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I and my girlfriend has come home from a one week travel at Malta, a small island in the Medeterranien Sea. About a mount before we go I came in contact with an amateur astronomer down there, Maurice. He invited me and my girfriend to visit him and his DIY built observatory.
The observatory is built on top of his house and it has a real dome.
If you find it interesting to read about it I have done a small report from our visit at the Malta observatory with photos:
The Raven and the Owl observatory, Malta.
After this visit it's hard to understand why we stay in Sweden where we live, when it's dark it's also very cold. We often have from -20 degrees to 0 degrees Celcius temperatures. Now adays we don't have many clear nights either.
I’m going to do a 1 or 2 month tour of Europe in my camper van this spring and I would like to visit a planetarium either in Europe or the UK, preferably avoiding London and Paris or other major cities with low emission zones.
I visited the planetarium in London when I was a child and thoroughly enjoyed it but I see it is now closed. I am planning to visit the space centre in Leicester on my way home which seems to get mixed reviews regarding having a lot aimed at children.
I was surprised at how many planetariums there actually are with a google search. Can anyone recommend one, or a good public observatory?
By Martin Perrett
After having my mind programmed into thinking that home observatories should be round or square I saw an article showing a triangular one. This altered my thinking completely. I had some plywood and other wood left from building my house so took a couple of days to build my observatory. The size was dictated by the tripod base and the movement of the telescope on the mount. I have a NEQ6 Pro and 8inch ACF. The first thing is to align the tripod along the meridian North South with the help of the sun's shadow and the time. This means that with the scope parked it takes up less room. The roof hinges over with the help of a counterweight (not shown on my first video) and the base of the observatory is a equalateral triangle about 5-5 feet high to allow the scope to see most of the sky. This setup allows for access to the scope but is really for remote viewing. The triangular base is approx. 6 feet on each side but the roof requires room on one side to be hinged over. The observatory can be built from 4 sheets of 18mm exterior grade ply and one sheet of 5mm marine ply for the roof and 3 4.2mtr length of 50mm by 100mm treated wood. The cost could be less than £200 if you can use some reclaimed bits. The video I made is about 20 minutes long and involved me thinking and working things out while building it. The triangular construction is much easier and stronger than a square or circular one. The design means I have the scope setup and ready for those short glimpses of clear sky while also able to try remote control of the scope with the roof closed. Since the first video I have put more hinges on the joint and a beam (made from hardwood I bought as an off cut) with a couple of old rail track plates used as counterweights. The next thing is to use a garage door opener to remote the opening of the roof.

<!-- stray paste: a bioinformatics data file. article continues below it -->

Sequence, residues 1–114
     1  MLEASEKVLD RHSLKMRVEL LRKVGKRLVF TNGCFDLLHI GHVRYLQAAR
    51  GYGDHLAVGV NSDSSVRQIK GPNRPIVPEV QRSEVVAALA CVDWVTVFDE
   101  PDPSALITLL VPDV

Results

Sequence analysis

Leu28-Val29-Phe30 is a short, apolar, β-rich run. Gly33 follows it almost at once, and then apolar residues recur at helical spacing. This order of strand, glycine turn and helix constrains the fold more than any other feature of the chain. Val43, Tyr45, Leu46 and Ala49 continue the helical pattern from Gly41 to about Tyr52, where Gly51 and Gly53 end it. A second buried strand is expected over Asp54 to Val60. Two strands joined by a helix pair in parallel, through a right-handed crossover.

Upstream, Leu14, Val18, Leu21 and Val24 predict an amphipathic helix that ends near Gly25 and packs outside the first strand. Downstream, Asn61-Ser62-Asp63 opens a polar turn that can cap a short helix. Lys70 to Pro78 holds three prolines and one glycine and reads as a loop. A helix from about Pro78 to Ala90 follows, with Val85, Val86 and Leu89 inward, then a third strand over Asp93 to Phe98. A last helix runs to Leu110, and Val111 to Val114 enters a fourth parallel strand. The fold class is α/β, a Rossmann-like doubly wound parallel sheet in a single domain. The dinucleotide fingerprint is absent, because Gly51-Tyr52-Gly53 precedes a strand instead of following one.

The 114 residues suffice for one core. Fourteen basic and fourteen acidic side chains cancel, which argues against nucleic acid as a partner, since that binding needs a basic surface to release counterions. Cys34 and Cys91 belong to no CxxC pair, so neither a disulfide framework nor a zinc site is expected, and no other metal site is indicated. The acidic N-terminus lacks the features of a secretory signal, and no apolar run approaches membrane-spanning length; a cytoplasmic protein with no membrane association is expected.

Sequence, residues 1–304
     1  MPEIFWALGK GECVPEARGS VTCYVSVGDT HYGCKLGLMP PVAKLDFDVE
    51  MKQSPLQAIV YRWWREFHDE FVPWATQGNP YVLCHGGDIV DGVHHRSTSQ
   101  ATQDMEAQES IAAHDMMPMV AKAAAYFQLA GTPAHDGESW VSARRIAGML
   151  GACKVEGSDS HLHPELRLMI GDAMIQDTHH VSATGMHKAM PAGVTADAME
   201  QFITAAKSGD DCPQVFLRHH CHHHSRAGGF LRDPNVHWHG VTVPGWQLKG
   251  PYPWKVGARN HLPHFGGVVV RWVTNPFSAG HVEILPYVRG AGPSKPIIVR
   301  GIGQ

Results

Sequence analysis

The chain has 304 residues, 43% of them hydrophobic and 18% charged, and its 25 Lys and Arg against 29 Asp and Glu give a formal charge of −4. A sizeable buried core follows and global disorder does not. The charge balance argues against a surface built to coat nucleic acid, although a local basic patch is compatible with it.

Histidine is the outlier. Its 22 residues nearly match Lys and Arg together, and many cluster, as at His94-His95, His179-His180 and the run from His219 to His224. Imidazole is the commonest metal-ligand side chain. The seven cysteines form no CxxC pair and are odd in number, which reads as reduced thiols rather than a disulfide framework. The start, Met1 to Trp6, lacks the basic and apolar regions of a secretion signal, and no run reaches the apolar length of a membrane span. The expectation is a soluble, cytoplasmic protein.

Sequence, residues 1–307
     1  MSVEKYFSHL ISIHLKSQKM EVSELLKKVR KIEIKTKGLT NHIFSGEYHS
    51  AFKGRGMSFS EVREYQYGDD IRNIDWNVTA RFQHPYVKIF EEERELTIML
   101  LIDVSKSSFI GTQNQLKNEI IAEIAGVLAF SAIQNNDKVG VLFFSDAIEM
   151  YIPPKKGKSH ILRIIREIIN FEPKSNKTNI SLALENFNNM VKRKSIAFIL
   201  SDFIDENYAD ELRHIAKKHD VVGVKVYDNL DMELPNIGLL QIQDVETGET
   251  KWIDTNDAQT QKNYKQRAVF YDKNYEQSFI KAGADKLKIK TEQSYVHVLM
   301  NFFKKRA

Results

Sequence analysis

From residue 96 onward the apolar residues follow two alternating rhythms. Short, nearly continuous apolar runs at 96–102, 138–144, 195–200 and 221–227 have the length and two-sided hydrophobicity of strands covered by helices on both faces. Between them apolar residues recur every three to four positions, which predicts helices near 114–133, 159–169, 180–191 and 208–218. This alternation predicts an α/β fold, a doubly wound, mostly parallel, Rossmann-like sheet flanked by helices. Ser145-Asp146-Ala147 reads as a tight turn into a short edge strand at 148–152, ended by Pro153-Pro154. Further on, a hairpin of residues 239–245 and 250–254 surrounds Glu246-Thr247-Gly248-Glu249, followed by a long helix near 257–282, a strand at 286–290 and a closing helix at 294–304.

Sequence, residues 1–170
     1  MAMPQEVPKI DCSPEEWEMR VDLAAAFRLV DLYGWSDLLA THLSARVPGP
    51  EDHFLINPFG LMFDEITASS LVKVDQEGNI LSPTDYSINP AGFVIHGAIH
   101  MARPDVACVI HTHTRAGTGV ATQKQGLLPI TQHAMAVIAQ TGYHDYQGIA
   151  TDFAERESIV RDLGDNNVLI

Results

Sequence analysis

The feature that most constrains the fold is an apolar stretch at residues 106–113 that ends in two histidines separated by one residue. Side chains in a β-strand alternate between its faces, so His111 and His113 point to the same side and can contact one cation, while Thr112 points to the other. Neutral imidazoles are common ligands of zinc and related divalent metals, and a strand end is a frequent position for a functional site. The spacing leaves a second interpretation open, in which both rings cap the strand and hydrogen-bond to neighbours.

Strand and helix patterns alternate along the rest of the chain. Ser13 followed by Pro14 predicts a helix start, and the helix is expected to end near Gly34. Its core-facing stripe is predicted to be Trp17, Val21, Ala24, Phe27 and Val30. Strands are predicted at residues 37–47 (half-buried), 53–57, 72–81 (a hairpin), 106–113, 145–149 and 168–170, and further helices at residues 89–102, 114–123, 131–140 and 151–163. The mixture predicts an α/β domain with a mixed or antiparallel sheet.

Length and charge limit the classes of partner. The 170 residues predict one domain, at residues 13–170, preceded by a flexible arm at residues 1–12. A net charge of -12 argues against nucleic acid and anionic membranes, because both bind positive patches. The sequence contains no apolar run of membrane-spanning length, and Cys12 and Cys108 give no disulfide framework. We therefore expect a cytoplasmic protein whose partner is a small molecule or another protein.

So here is the link to the video. Please just see it as an example of what you can do, not as a 'this is the way to do it' video. If I was building it again it would be similar but better.
Just starting my build and found advice of others really helpful. Appreciate views of others on my build before I get too far. I am building the Observatory for My HEQ5 with a short fast refractor for imaging and my LX90 SCT mainly for viewing, so my pier must allow me to easily swap scopes if necessary.